Mr Burnham said a Labour government would act ‘unapologetically, firmly and decisively’ on children’s diet, smoking and access to cheap alcohol.Same old nanny state Labour. But hold on, what's this?
But for adults, he said the ‘finger-wagging nanny state message does turn people off’. ‘You know “don’t do this, don’t do that”. That’s run its course,’ he said.
‘We’re saying, where is it right for the government to act and where is it right to let people make their own choices?'An enlightenment maybe? A recognition that the incessant social engineering we are bombarded with by the political class and their tax-funded sock puppets is reaching Soviet levels, and that it's about time it stopped? You know, the same thing we've heard before from Cameron?
Because it is always right for adults to make their own choices Andy, especially since we pay your wages. This is why the "finger-wagging nanny state message" is pissing us all off (and sending a lot of your voters to UKIP), d'you see?
Well no he doesn't, because cheap alcohol and smoking are things that millions of adults freely choose to indulge in on a daily basis. So why is Andy's finger still wagging then? Well, because having got that false sympathy out of the way, off the little gobshite goes again.
We’re saying it’s absolutely right for the state to intervene, and probably do so even more decisively than we did when we were in government, to protect children.
‘Because children don’t control the situations they’re exposed to, the environment they’re exposed to or the food that’s put down to them. Therefore I do think the state has an absolutely clear moral and intellectual basis for saying “we will act to protect all children”.Now, can you think of a single 'public health' nanny state policy or proposal in the past decade which didn't involve - as the Free Society put it yesterday - using children as "tools or agents of the state"? No. Neither can I.
A perfect example is contained in Cyril Chantler's report on plain packaging.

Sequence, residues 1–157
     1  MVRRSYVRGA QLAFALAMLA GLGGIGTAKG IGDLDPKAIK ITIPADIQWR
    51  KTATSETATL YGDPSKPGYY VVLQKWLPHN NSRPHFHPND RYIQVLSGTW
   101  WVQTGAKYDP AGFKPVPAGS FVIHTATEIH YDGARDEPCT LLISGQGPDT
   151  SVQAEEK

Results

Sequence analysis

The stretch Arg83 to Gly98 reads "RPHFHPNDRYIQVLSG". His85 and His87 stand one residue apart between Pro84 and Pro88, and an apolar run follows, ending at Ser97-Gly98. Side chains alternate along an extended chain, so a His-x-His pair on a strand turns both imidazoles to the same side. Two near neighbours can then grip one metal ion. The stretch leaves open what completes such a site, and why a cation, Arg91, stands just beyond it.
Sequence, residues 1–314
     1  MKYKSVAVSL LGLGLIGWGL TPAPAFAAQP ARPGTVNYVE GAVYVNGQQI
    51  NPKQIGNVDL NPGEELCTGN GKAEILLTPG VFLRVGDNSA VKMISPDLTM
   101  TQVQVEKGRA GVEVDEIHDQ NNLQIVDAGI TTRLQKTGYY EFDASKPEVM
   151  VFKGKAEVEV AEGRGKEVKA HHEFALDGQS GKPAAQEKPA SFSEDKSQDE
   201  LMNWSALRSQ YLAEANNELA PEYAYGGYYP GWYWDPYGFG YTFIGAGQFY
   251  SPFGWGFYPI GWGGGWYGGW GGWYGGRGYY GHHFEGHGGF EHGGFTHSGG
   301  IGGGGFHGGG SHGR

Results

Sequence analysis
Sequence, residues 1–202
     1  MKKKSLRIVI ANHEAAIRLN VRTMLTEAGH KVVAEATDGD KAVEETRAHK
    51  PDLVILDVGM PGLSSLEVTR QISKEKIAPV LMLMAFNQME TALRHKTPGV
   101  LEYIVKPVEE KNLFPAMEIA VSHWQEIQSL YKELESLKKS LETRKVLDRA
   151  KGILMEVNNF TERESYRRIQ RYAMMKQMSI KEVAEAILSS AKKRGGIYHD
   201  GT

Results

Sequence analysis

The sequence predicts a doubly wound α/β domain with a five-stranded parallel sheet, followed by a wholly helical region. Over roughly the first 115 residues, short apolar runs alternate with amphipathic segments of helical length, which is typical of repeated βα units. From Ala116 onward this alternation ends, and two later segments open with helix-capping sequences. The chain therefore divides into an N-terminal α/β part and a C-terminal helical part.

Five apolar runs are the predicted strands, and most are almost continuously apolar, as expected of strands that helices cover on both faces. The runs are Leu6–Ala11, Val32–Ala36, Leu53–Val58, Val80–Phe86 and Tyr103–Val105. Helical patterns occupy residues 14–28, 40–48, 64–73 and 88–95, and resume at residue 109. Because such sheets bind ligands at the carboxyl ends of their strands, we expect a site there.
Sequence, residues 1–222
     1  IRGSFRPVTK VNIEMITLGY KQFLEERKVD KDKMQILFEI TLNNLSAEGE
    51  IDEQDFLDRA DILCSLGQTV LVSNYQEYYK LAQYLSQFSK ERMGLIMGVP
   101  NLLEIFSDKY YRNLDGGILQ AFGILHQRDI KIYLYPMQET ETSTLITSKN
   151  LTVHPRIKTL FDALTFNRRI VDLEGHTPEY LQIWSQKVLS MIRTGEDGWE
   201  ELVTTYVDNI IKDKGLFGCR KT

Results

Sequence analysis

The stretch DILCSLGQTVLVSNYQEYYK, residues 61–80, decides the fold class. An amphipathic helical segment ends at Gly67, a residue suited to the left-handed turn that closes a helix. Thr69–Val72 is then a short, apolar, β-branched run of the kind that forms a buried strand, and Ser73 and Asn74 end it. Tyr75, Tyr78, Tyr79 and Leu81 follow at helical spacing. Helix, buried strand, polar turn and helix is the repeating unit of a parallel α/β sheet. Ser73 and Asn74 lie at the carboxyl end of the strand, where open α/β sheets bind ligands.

I have heard no coherent argument as to how this purported separation occurs in practice and in my opinion a ‘spillover effect’ is highly plausible whereby packages that are designed to appeal to a young adult, also, albeit inadvertently, appeal to children. It seems to me that children and non-smokers are not, and cannot be, quarantined from seeing tobacco packaging and in my view once they are exposed to this packaging, they are susceptible to its appeal whether it is intended to target them or not.Under those ridiculous rules, there is no real life scenario where the state can imagine a complete absence of people under 25 (the definition of young person has been changed, didn't you get the memo?); and therefore no area of human activity which affords adults freedom of choice without Labour deciding that they are entitled to interfere.
However, Burnham put out a limp message that Labour don't like the nanny state; even that they have decided it has "run its course", while at the same time installing a regime whereby just about any abuse of liberty is justified by politicians apologetically smiling, shrugging their shoulders, and imploring us to think of the children.
[Andy Burnham] also revealed he was ‘looking at’ curbs on e-cigarette advertisingYou know, those new devices which are freely chosen by adults and where there is no evidence whatsoever that children are being harmed in the process ... but where kids are nonetheless being employed as a crutch for crushing objections to regulation regardless.
‘It’s trying to deal with the nanny state charge that gets thrown all the time whenever you try to do something on health.’I think you've just dealt with it, Andy. Just say that you are not part of a nanny state - perish the thought! - but are actually in favour of adult free choice ... while doing the complete opposite.
That's how lying politicians operate, sadly.